Alpha-synuclein is a key protein involved in Parkinson’s disease. Attempts have been made with drugs to lower the amount of this protein in the brain as a potential treatment for Parkinson’s disease. However, neither the normal function of this protein nor the consequences of its reduction (e.g. by drugs) are well understood. We aim to investigate pre-clinical models with no alpha-synuclein and models with half the amount of alpha synuclein to determine if they develop adverse symptoms.
We have evidence that the essential element, iron, is altered in pre-clinical models lacking the alpha-synuclein protein. This is associated with several adverse outcomes including motor impairment and brain cell loss. We suspect that these adverse consequences emerge as the model ages. We will comprehensively characterize the effect of removing alpha-synuclein on the iron status of the models, and other indicators of health. We will also characterize models that have half the normal amount of alpha-synuclein to determine if a partial lowering of alpha-synuclein is also associated with adverse health outcomes.
Relevance to Diagnosis/Treatment of Parkinson’s Disease:
Many potential therapeutic strategies have been devised to lower the amount of alpha-synuclein with the body of patients with Parkinson’s disease. This project will investigate whether lowering alpha-synuclein could be dangerous to one’s essential iron metabolism.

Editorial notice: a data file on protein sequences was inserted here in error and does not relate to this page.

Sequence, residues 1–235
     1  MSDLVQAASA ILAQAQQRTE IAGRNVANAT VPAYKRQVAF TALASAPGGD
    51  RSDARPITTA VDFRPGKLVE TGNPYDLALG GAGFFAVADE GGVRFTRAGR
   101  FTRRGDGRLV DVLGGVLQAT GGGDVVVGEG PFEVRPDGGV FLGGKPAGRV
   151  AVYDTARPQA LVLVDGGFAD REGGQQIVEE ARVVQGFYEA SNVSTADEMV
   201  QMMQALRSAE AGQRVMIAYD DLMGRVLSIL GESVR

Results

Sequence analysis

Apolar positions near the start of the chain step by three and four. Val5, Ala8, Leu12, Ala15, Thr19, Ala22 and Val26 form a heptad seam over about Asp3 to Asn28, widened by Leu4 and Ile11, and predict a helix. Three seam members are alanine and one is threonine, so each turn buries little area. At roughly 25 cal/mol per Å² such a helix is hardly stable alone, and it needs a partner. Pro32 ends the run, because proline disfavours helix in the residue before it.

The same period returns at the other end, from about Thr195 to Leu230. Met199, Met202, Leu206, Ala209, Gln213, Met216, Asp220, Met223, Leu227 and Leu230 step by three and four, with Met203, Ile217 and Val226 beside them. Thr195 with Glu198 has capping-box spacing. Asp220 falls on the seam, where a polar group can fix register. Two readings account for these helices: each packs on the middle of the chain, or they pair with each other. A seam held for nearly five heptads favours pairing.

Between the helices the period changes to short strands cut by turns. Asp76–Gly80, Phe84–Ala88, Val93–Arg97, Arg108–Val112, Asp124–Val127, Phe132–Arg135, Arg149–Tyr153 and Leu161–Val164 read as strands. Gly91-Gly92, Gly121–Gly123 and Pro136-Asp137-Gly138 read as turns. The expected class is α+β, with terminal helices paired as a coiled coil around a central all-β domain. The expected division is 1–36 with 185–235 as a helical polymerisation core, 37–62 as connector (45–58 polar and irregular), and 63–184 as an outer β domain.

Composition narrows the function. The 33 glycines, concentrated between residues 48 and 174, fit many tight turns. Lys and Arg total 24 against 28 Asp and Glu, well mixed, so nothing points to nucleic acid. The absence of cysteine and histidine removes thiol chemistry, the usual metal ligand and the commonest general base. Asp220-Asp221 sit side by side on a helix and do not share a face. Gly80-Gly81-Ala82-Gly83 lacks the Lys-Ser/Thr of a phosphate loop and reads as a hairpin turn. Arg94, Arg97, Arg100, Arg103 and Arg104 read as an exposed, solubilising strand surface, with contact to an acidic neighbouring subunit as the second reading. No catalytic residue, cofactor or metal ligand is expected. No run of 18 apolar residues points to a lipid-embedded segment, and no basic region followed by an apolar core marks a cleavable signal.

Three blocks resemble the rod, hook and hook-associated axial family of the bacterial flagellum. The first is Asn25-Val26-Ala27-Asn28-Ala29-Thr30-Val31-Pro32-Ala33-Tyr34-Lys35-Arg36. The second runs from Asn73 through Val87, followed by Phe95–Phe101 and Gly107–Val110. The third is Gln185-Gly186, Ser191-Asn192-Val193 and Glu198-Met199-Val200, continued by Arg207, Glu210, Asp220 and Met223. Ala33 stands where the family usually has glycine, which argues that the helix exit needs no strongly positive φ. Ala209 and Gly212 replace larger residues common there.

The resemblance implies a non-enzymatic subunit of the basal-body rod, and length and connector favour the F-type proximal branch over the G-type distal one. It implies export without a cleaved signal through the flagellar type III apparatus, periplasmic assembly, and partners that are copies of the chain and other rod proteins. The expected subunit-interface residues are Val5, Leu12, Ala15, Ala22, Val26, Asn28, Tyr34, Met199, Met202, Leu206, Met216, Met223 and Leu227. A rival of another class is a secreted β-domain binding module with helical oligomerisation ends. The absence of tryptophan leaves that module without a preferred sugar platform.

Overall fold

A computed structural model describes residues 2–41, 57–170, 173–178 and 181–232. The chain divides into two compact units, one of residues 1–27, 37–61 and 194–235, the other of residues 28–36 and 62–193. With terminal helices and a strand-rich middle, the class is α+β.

This project will inform us whether lowering alpha-synuclein is a safe approach as a therapeutic strategy for Parkinson’s disease. We expect to discover a functional role for alpha-synuclein in regulating normal iron levels within the body. Such information will be useful for conducting the safety appraisal of new candidate drugs that lower alpha-synuclein levels.
In this project, we studied the effect of removing alpha-synuclein, a sticky protein that clumps in the brains of people with Parkinson's disease (PD), from two different pre-clinical models as they age. Alpha-synuclein removal caused a marked, life-long loss of iron in the brain and other organs of one of the models but not the other. Both models, however, as they aged, lost brain cells, and their ability to move suffered. These changes were likely caused by alpha-synuclein removal. We concluded that the removal of alpha-synuclein could lead to brain cell damage and possibly change iron levels. Our findings should be considered in the development of drugs that lower alpha-synuclein levels.
Presentations & Publications:
Ayton S, Lei P, Appukuttan AT, Finkelstein D, Bush A. Loss of alpha synuclein causes age-dependent brain-wide neurodegeneration. Presented at: The Alzheimer's and Parkinson's disease congress; 2013; Florence, Italy.